Oliver Gould Jennings (1865-1936), son of O. B. Jennings, was a charter member of the Fairfield Historical Society and the original building was named for him. He served as President of the Historical Society, the Fairfield Memorial Library, the Board of Fairfield Trust Company, the Fairfield Beach Company and the Resident Town Council. He was said to control the local Republican Party. Oliver also paid for the paving of several roads in Fairfield, donated acres of land to the town, paid for renovations of the Episcopal Church and created the Improvement Association of Fairfield & Vicinity. Their goal was to eliminate mosquitoes in the Fairfield area. In 1906 Oliver spent one million dollars to build a mansion named Mailands, a French chateau that sat on seventy-six acres. After his death in 1936, the Jesuits took ownership of the property and turned it into Fairfield Preparatory School. Today is it Fairfield University’s McAuliffe Hall.

Oliver C. Jennings was born on August 28, 1863 to Horace and Helen Jennings. He attended school in Fairfield and then went into the meat business with his father. In 1866 he opened up a butcher shop and from 1874-1893 ran a grocery store in Fairfield.

Have you ever wondered about your family’s history? If so, the Fairfield Museum & History Center’s next History Bites Lunchtime Lecture is for you! At “Getting Started with Genealogy,” to be held Wednesday, February 28 from 12:30pm to 1:30pm, Dr. Elizabeth Rose, Library Director at the Fairfield Museum, will talk about how to start researching your family’s history using the Museum’s records and online. Betty Oderwald will talk about the standards that are used by lineage societies like the Daughters of the American Revolution and the U.S. Daughters of 1812. The program is free for Museum members with a $5 suggested donation for non-members. Please bring a bagged lunch. Beverages and dessert will be provided.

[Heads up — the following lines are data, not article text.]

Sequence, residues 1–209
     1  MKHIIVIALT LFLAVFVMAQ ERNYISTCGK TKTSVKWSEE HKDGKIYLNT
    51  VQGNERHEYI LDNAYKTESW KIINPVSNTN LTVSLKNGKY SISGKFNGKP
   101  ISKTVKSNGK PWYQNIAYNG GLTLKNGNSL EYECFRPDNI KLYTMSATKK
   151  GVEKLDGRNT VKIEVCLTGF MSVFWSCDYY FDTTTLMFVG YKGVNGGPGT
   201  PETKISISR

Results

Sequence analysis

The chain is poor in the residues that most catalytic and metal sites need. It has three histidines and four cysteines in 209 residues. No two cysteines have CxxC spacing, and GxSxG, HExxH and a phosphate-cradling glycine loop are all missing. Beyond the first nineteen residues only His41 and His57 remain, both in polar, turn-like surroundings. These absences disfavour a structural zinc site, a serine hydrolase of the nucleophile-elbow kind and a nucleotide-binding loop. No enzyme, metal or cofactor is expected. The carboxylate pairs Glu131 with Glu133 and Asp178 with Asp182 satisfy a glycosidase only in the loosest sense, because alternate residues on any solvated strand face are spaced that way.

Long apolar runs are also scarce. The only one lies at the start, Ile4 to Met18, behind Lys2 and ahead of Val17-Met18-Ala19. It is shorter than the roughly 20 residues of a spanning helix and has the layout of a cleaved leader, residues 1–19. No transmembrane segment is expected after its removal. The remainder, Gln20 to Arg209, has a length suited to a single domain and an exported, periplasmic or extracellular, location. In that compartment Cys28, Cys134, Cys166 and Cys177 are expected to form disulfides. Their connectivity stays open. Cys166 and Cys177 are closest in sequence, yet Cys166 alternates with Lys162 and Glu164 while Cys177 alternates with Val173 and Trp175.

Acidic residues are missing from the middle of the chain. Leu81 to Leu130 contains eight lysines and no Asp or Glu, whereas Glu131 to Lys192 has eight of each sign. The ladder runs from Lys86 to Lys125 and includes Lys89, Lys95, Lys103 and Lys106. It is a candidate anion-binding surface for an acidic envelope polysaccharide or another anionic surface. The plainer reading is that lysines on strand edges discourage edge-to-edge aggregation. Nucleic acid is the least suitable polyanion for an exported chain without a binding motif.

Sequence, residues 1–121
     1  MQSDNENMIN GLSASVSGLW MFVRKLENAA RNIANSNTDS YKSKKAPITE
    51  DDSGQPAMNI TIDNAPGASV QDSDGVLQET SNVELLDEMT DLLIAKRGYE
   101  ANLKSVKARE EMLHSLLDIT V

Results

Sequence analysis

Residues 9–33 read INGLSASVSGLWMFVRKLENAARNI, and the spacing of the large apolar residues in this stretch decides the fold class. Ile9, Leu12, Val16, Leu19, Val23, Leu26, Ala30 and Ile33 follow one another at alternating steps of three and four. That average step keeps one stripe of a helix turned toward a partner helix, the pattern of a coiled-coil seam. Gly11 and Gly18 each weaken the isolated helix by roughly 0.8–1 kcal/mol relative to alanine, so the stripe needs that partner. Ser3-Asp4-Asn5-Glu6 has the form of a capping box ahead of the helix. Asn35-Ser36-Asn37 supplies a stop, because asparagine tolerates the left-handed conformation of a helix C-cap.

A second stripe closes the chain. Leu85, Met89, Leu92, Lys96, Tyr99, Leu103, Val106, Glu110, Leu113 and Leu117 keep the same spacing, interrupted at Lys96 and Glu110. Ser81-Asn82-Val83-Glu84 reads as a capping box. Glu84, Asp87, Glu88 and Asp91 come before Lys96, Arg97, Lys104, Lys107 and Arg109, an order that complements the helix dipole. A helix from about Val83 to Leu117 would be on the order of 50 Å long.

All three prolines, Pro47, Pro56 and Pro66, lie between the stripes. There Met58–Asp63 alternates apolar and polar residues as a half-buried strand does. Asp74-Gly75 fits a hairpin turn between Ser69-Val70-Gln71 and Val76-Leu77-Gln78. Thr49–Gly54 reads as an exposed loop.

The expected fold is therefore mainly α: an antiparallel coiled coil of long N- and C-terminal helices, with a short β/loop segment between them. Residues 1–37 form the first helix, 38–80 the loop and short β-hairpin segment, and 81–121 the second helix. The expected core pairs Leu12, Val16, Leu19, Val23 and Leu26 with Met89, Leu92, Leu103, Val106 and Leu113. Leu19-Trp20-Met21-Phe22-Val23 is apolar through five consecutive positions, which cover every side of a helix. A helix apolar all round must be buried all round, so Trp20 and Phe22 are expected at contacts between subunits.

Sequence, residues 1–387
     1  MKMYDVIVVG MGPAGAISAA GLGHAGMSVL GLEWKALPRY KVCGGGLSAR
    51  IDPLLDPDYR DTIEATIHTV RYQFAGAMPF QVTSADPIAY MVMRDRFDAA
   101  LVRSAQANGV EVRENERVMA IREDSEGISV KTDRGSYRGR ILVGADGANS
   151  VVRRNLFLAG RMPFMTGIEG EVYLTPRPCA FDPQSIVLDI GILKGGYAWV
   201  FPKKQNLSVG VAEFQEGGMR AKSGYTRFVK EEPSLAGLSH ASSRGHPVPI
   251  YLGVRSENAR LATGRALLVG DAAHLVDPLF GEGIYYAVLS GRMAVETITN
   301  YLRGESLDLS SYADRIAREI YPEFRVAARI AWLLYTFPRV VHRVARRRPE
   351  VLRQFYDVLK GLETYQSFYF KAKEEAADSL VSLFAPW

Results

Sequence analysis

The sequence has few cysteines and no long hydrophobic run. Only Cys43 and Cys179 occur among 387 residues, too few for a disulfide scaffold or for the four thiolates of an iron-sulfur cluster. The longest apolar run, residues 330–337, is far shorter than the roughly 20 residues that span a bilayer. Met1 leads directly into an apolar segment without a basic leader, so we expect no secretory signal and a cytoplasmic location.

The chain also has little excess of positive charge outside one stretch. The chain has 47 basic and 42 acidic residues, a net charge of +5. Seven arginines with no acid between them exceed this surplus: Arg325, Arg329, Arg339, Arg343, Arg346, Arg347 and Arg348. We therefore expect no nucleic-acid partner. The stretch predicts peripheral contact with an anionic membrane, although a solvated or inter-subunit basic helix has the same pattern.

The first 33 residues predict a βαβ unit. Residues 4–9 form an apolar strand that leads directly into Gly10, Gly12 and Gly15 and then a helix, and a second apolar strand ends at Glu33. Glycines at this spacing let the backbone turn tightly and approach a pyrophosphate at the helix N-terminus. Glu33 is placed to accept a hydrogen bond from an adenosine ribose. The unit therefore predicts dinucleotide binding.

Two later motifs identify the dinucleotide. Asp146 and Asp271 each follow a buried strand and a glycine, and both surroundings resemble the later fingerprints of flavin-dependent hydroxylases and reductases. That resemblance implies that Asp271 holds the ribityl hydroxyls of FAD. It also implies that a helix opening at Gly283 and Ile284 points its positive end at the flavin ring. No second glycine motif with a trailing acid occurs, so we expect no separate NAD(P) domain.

The Fairfield Museum & History Center and Museum Shop, located at 370 Beach Road, is open seven days a week, 10 a.m to 4 p.m. Members of the Museum and children under 5 are admitted free. For more information, call 203-259-1598 or visit Fairfieldhistory.org. The Fairfield Museum relies on funding from individuals, corporations and foundations. The Museum is especially grateful for leadership support from the State of Connecticut, Town of Fairfield and Fairfield County’s Community Foundation.